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hours with me discussing nontechnical issues regarding career and life related choices. As the years flew by, our brainstorming sessions became more and more enjoyable and these sessions are one of the things that I will miss the most. Second, I would like to thank Dr. Gagan Goel and Dr. Vahab Mirrokni
On maximizing Welfare when Utility Functions are Subadditive
 Proc. of ACM STOC
, 2006
"... We consider the problem of maximizing welfare when allocating m items to n players with subadditive utility functions. Our main result is a way of rounding any fractional solution to a linear programming relaxation to this problem so as to give a feasible solution of welfare at least half that of th ..."
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Cited by 90 (6 self)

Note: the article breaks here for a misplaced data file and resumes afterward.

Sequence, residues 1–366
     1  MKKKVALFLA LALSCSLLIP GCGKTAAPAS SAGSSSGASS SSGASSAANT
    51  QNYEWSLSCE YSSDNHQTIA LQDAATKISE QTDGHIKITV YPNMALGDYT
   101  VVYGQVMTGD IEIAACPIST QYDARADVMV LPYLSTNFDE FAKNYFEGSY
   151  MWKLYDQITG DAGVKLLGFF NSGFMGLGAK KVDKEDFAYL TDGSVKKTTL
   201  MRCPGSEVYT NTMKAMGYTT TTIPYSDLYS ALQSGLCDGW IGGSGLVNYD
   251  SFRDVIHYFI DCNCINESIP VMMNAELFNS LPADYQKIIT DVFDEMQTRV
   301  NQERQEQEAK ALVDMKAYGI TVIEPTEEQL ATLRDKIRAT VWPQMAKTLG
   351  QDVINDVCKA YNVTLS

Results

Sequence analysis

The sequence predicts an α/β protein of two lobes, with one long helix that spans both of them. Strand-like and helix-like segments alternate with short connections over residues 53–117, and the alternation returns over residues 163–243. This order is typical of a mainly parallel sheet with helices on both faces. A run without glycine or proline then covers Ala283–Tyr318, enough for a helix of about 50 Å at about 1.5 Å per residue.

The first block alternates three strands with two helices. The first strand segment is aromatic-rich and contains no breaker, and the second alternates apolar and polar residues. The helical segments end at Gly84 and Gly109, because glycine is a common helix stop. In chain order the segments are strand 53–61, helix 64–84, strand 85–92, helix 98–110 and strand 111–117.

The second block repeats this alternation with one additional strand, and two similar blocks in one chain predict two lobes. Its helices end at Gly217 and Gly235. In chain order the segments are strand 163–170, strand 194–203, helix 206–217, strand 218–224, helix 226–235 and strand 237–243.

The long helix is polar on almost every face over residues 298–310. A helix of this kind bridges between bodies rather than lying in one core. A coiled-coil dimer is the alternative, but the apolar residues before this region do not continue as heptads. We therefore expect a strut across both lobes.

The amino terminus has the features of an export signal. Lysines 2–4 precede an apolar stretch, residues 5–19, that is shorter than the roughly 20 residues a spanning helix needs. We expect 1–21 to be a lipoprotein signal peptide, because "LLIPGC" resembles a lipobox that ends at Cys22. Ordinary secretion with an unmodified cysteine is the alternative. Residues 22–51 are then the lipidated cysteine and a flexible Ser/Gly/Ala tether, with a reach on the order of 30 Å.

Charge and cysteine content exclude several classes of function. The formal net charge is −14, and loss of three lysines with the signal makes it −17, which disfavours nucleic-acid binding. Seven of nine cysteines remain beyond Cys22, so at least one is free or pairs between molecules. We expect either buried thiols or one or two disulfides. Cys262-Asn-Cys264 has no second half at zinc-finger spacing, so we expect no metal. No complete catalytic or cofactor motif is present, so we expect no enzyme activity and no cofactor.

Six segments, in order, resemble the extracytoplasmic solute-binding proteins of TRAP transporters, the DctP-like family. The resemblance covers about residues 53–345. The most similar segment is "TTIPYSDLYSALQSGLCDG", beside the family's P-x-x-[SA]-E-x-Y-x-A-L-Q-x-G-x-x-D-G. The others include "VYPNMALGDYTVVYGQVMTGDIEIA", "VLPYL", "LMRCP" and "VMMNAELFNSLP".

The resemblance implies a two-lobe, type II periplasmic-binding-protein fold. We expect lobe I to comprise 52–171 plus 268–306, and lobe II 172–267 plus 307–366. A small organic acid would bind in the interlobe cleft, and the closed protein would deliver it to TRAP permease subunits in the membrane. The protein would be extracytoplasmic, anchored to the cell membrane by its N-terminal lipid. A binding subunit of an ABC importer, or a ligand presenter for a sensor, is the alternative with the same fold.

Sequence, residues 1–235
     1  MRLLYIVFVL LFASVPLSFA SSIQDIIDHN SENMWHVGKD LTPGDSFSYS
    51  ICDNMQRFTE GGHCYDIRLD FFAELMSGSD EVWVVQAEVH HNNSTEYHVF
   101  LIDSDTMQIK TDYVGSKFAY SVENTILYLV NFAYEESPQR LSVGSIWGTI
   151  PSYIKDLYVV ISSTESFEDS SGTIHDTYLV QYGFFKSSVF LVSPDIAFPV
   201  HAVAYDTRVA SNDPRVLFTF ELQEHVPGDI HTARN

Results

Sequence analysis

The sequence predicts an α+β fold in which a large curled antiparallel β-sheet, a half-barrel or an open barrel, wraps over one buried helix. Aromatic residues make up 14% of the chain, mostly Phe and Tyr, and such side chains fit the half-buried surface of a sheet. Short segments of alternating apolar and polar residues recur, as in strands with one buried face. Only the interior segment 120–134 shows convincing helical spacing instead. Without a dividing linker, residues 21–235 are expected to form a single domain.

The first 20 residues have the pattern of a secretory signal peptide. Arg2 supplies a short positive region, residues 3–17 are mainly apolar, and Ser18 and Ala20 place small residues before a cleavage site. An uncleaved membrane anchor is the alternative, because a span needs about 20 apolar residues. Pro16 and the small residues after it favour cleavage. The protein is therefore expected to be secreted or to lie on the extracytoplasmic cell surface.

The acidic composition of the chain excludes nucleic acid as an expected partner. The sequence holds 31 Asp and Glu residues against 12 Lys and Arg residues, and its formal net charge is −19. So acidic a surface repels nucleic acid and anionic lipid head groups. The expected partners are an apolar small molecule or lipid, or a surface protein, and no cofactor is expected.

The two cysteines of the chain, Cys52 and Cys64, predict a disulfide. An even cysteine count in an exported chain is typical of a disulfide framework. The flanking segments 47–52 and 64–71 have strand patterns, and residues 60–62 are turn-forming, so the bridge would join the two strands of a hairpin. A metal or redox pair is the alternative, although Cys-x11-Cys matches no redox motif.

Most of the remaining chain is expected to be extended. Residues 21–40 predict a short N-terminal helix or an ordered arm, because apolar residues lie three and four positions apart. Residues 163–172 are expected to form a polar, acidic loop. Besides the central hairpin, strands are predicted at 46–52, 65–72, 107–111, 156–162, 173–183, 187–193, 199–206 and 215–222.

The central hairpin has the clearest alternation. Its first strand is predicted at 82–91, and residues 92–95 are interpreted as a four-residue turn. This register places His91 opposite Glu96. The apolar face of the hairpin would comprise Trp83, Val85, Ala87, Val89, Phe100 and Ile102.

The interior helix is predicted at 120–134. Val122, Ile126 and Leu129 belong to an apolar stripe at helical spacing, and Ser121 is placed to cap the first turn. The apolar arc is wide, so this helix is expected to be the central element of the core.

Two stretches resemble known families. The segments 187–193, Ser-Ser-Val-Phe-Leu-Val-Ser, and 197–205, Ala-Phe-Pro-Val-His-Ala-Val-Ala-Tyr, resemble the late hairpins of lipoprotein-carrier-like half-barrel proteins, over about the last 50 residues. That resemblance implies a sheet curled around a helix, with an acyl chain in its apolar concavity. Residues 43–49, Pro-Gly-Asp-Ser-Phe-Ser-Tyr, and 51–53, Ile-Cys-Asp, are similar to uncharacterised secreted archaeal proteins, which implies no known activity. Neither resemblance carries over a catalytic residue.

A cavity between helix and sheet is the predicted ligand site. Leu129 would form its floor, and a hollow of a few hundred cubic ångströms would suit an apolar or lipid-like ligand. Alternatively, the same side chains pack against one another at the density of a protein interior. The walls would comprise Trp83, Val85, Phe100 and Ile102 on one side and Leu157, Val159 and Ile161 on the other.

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We consider the problem of maximizing welfare when allocating m items to n players with subadditive utility functions. Our main result is a way of rounding any fractional solution to a linear programming relaxation to this problem so as to give a feasible solution of welfare at least half that of the value of the fractional solution. This approximation ratio of 1/2 improves over an Ω(1 / log m) ratio of Dobzinski, Nisan and Schapira [STOC 2005]. We also show an approximation ratio of 1 − 1/e when utility functions are fractionally subadditive. A result similar to this last result was previously obtained by Dobzinski and Schapira [Soda 2005], but via a different rounding technique that requires the use of a so called ”XOS oracle”. The randomized rounding techniques that we use are oblivious in the sense that they only use the primal solution to the linear program relaxation, but have no access to the actual utility functions of the players. This allows us to suggest new incentive compatible mechanisms for combinatorial auctions, extending previous work of Lavi